Sometime during that week I discovered the Unknown Family I had two consecutive nightmares about my late father. I don’t remember that ever happening before. The nightmares were pure emotion: hatred—furious anger. I kept hitting my father with my fist over and over. All I recall of the dream is saying: “No, no, no! You don’t get that anymore!”

Now, it’s easy to assume (as I did for days later) that there must be some deep psychological basis for that emotion—like repressed memories of physical abuse or whatever. If that’s the case, it happened when I was very young, as I don’t recall any particular incidents after I was double-digits old.

Then I came across this in my journal, written Saturday, June 22, 1985:

“Last night I got pretty angry with Dad as he sermonized about getting a goddamned B.A.—my bad grades and, as he tells it, lack of drive to get through school; it’s true I don’t care a hang about formal education, and the important issue is, I believe, what the hell am I doing living at home at 25?

I always believed I needed to explain myself to my father.


In 1985 I was trying to figure things out. With no writing mentor, I felt lost. So, on Aug. 6 , I noted in the journal:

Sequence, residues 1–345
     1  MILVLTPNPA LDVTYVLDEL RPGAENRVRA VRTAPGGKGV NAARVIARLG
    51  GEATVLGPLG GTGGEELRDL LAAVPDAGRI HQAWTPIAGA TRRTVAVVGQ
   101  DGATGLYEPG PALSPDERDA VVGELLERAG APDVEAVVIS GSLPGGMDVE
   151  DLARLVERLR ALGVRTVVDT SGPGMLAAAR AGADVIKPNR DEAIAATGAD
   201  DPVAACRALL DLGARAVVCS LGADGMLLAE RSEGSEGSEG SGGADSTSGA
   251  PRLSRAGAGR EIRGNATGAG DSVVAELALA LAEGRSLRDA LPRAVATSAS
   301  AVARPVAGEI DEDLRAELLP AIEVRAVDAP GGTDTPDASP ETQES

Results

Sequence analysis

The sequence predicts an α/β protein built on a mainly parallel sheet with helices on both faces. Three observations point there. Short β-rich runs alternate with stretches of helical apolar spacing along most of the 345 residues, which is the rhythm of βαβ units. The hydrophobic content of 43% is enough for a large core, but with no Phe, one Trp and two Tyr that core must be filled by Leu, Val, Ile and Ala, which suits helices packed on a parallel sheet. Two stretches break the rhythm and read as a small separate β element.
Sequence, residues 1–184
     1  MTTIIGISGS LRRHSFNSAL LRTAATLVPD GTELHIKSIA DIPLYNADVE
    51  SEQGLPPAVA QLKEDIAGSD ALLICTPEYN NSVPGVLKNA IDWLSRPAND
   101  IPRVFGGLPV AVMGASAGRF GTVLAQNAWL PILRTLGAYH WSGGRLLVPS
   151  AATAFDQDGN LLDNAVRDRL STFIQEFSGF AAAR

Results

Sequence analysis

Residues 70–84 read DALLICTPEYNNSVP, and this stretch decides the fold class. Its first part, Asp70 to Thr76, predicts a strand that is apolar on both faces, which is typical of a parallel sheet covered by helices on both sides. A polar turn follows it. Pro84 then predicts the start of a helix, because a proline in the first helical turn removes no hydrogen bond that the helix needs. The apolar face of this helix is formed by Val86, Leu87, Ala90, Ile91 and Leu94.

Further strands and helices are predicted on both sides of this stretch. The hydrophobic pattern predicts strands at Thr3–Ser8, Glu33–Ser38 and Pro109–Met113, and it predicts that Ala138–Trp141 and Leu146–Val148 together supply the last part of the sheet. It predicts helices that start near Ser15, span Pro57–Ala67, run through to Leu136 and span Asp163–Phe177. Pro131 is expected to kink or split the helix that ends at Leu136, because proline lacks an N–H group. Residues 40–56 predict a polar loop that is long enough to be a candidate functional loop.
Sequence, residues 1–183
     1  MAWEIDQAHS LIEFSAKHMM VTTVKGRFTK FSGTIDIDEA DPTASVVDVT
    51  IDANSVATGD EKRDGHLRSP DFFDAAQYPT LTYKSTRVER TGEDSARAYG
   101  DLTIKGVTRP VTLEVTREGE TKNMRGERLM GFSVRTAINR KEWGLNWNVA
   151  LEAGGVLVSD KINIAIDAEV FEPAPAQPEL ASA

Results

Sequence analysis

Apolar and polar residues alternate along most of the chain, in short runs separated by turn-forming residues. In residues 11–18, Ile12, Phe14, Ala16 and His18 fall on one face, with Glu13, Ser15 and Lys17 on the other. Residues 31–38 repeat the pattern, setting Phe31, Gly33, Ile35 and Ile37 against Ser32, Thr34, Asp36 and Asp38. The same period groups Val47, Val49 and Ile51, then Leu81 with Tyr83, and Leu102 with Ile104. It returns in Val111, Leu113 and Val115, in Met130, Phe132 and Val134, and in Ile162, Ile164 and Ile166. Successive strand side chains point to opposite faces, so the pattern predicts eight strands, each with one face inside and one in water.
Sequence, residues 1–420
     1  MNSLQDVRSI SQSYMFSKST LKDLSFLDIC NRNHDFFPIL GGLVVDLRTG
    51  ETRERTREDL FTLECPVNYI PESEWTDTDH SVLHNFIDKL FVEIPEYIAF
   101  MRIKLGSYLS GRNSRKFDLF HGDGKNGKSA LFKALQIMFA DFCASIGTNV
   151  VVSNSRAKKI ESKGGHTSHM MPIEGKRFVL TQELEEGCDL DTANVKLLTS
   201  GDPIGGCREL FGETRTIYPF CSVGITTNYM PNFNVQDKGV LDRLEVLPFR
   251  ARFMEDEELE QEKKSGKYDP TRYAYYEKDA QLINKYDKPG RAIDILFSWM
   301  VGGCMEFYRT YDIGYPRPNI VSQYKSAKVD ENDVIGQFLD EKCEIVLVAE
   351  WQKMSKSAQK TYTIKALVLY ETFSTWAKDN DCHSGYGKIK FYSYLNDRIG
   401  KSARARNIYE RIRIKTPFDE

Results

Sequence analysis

“It’s important that I stop scribbling scrap stuff and make-believe I’m some hot-shot writer who presumes he’s written a full-fledged Short Story … I think about the story, the stories, and the possible consequences (my fantasies thereof) of publishing them as a saleable collection. I’ve worried that I think too much about The Product aspect of it—I should now be concerned with the substance, for that is all it really is in the end. I shift between two states: One, a relaxed matter-of-fact attitude about the words—‘They’ll practically write themselves!’ The other, ‘Words are so difficult to use effectively’—you say one thing and someone reads another, completely different (or sometimes more irritatingly similar yet incorrect idea) thing. So I’m mentally ‘ping-ponging’ between the two argumentative paddles: Write yer heart out, it’s a breeze AND Don’t be silly, you’re not in any position to be saying these sort of things. I know them both—one’s the Creator, the other’s the Critic. Funny thing is that the fickle bastards don’t realize they need one another.”